Third, foreign based lobbies have tried to merge into the opposition voices on such current issues as breakdown of medical care system, shortages of vaccines and other medical supplies as also the alleged neglect of the poor during the pandemic, to build a narrative against the government of the day. This has since developed into a political war ‘by proxy’. Further, a distinct trend is the rise of agitational politics that aimed at projecting the Modi government as a violator of freedom to protest and human rights and as an ‘intolerant’ regime that could not bear with criticism — it did not matter to the critics that this charge was not well-founded and that the narrative went beyond the normal political critique to create an environ of instability about the country’s governance itself.
And finally, a highly uneven situation of law and order prevailed in the country primarily because of the subservience of the administrative machinery concerned to the political pressures of the state rulers, leading to a serious erosion of what was the sovereign duty of the police in a democratic state to serve the law abiding and deter the potential offenders. The entire gamut of these dangers needs to be examined quickly for remedial measures. The Centre has to find a way of providing a strong democratic governance to the people of this large nation within the federal structure of the country — but without letting centrifugal tendencies come in the way.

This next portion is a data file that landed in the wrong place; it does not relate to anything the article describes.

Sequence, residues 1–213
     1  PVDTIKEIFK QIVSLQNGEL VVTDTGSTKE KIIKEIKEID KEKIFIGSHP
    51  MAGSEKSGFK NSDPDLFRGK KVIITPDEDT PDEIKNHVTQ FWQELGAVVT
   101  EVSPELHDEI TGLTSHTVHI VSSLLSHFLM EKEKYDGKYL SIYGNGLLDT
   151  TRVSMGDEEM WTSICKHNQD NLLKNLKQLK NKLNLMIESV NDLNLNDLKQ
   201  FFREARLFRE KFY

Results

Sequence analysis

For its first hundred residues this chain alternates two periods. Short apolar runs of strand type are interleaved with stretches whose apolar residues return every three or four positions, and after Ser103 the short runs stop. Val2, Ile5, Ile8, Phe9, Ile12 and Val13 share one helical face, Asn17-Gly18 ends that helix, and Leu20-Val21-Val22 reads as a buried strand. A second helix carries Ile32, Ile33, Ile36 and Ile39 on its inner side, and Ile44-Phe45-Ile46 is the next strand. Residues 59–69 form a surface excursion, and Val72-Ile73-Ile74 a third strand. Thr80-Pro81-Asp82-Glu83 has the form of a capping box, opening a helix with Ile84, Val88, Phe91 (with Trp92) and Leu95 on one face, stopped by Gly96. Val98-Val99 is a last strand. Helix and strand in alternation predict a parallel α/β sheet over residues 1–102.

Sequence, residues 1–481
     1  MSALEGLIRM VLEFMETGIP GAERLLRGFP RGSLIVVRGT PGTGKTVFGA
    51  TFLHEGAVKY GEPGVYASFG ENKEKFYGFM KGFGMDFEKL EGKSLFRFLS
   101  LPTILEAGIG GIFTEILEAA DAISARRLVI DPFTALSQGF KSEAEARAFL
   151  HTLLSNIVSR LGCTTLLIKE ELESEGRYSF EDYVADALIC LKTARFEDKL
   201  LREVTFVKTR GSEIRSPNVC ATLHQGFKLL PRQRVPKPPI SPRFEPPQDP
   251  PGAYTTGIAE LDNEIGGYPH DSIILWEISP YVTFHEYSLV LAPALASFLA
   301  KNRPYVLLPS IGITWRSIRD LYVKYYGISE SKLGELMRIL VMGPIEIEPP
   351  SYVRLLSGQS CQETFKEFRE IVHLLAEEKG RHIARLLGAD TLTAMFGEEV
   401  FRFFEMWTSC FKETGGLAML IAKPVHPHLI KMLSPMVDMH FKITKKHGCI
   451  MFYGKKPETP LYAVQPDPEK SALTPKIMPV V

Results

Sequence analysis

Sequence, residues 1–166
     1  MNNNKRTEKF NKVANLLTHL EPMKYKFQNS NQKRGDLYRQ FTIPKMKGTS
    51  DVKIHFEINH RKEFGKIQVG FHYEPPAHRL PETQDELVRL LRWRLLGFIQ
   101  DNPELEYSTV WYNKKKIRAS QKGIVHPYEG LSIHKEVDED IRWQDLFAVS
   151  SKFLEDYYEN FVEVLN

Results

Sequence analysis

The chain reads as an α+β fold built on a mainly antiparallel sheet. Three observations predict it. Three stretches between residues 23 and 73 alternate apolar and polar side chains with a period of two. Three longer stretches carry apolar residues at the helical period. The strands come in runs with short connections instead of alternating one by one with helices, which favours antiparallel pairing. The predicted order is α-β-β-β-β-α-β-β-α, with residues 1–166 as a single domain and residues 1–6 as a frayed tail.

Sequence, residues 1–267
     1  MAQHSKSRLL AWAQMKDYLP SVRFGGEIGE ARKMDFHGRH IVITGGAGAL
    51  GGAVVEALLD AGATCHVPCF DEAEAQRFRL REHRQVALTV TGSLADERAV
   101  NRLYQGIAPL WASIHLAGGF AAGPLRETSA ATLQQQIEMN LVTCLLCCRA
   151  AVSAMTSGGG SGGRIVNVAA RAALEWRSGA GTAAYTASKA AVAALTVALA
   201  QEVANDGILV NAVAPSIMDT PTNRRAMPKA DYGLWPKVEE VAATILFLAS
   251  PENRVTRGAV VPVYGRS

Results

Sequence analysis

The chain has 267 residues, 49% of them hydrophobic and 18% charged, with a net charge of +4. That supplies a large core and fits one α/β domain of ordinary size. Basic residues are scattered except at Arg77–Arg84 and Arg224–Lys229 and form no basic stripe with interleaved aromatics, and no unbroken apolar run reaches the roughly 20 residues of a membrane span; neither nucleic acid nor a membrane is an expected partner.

It became clear during the Covid months that cases of hacking of phones, credit-debit cards and other vital data for committing financial frauds were booming and targeting even ordinary people with limited resources who relied on online transactions because of the pandemic restrictions. The situation calls for a national drive to identify and neutralise illicit SIM cards which are being used by criminals as weapons. The menace has become large and draws a parallel with the situation in some freedom loving developed countries where control on sale of automatic firearms was now being actively considered.
The issue of SIM cards freely may be an indicator of socio-economic progress but in the Indian context it is greatly helping criminals and anti-national elements too — because of which there is a spurt in digital crimes against the common man. Telecom companies would better verify the identity of the purchaser beyond Aadhaar card by recording his or her double thumb impression so that in the event of a fraudulent transaction, reported through an unknown number, the owner of that SIM can be reached by the cyber police investigating the matter.
Gangs of criminals have acquired thousands of SIM cards to operate through the length and breadth of the country. This can overwhelm our legal machinery unless a deep biometric identity of SIM customer was made mandatory. The Centre must also respond quickly to evaluate the working of cyber police stations and pool the feedback given by them to make the system more effective. These police stations must be already having seamless communication with their counterparts across the country and the legal action initiated by them to locate a suspect number should not be allowed to be hampered by the issue of state jurisdiction that restrictively defines law and order responsibility in this country.